Designer breeding has led to new dog "breeds." The cross between a white shepherd and a Labrador retriever is referred to as a "sheprador" in some circles and a "labrashepherd" in others. The physical and character traits of these dogs may resemble one parent more than the other, and second and third generation dogs will develop traits that are more easily recognizable. With each breeding of a Lab and a white shepherd, however, you are likely to have a different combination of traits.
The American white shepherd dog is a large breed that has a pure white coat, and a dark muzzle and eyes. The dog is not an albino as is commonly believed, but the white coat is the result of a simple recessive gene in its makeup. Both parents must carry the gene for the white coat for puppies to be white. If the shepherd mates with a dog that does not carry the white gene, the puppies may not be white or even light-colored. Unless both parents possess a recessive white gene, they will be unable to produce white puppies. Labrador retrievers come in black, yellow and chocolate coat colors, and according to the American Kennel Club's breed standard, anything less than a solid color is a fault.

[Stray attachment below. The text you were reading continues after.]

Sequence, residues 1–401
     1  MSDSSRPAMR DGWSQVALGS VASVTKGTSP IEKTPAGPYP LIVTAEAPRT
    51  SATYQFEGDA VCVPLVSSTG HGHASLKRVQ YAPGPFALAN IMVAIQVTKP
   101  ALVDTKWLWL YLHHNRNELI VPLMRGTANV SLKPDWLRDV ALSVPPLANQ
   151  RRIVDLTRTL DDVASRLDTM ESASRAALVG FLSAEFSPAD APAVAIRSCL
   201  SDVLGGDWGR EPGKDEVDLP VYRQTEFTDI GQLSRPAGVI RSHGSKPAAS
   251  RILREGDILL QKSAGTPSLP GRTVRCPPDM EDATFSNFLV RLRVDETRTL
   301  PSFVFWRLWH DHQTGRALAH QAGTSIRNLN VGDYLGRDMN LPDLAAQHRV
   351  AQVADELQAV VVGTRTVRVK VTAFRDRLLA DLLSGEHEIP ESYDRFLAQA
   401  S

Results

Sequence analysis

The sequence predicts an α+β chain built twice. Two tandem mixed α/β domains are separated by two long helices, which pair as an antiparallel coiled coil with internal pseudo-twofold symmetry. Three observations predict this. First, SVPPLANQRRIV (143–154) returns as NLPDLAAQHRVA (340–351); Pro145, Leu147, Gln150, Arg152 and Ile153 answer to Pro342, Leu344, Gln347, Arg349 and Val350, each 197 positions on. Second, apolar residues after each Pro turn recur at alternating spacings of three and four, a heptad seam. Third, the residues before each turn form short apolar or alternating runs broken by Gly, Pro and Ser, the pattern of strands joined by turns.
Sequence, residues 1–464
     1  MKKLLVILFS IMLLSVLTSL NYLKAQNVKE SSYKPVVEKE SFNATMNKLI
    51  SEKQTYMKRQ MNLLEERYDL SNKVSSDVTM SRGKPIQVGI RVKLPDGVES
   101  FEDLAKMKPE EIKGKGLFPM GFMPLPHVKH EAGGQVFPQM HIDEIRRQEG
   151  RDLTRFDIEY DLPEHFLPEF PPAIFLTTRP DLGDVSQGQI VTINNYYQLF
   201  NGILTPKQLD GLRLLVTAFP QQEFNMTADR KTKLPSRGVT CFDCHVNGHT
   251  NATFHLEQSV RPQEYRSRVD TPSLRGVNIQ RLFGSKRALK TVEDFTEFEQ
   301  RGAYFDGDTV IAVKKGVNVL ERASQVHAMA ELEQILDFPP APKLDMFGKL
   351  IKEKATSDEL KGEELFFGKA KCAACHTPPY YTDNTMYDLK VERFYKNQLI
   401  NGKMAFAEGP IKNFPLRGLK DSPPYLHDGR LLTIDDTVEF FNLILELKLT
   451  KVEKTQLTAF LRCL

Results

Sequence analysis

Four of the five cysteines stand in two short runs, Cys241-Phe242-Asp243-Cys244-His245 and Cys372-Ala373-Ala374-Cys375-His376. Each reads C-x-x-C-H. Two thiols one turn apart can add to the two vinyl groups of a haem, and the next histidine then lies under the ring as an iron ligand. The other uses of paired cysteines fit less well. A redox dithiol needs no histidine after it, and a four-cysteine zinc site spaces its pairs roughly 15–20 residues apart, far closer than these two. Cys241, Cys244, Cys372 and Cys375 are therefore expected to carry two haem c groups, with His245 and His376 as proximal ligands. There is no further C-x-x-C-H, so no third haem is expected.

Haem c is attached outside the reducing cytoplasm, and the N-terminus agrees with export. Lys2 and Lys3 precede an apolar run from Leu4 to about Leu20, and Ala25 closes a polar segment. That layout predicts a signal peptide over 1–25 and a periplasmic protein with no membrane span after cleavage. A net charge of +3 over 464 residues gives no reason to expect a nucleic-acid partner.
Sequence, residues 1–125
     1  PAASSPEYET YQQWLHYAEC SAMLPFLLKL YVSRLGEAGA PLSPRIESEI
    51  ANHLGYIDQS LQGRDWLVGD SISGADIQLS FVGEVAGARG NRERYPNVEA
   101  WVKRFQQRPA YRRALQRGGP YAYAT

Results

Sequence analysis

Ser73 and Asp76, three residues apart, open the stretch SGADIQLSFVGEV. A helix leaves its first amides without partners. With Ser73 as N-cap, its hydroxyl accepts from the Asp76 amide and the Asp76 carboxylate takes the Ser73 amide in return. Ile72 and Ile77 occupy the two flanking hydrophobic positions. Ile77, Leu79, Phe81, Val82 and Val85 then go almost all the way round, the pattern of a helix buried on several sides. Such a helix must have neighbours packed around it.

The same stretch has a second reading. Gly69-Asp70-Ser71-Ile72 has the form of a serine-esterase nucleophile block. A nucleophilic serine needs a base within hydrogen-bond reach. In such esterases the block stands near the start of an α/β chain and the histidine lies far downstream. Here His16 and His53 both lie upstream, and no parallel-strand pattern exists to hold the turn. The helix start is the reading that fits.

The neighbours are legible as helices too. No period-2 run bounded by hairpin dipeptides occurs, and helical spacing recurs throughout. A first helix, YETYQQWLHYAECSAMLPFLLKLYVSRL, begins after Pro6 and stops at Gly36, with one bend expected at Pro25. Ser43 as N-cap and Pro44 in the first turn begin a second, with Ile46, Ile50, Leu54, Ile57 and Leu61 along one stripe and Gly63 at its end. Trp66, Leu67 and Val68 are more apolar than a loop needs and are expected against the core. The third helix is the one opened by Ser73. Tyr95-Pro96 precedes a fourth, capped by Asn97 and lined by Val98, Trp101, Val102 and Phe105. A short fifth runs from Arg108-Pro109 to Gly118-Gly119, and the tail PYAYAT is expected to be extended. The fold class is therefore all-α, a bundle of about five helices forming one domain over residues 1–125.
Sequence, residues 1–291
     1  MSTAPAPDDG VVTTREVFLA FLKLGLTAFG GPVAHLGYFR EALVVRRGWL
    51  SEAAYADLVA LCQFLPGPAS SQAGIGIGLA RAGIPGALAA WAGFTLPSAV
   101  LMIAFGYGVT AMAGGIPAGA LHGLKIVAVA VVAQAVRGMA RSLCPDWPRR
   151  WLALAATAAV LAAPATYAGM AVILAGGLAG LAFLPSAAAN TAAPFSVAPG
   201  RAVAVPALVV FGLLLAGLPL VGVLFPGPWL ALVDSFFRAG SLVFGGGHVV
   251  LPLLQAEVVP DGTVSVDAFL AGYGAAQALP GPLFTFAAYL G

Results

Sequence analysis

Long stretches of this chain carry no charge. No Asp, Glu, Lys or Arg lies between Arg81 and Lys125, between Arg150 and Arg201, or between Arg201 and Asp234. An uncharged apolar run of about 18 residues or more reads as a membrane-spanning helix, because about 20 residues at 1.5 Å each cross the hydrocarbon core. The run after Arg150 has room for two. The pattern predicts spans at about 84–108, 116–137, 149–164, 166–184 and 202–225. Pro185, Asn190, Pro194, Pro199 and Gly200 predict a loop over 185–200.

White shepherds usually have a short hair that has a thick, waterproof undercoat. Occasionally, puppies are born with long or medium-length hair coats, but the short coat is the dominant version. The Labrador retriever is a powerfully built, medium-sized breed with a thick, double coat. As a working breed, it has a short, dense, weather-resistance coat that insulates it during work activities.
Both breeds weigh between 50 to 80 lbs., so puppies from mixed parents will be relatively uniform in size. Heavily built puppies may resemble the Lab parent, while puppies that resemble the white shepherd may have longer limbs. The shepherd has a more pointed muzzle than the Lab, and the ears are erect as opposed to the Lab ears that flop over. A cross between the two breeds can result in any combination of the physical attributes.
The Labrador is famous for its gentle, patient temperament and exceptional training ability, lack of aggression and eagerness to please. The German shepherd breed is well known for its superior intelligence, decision-making abilities and protectiveness, and aggression training is common with this breed. A cross between these two breeds has the makings of an intelligent, trainable dog with an excellent nature and the ability to be aggressive when required; however, mixing dog breeds is not an exact science and it is impossible to predict with certainty the outcome of the mating.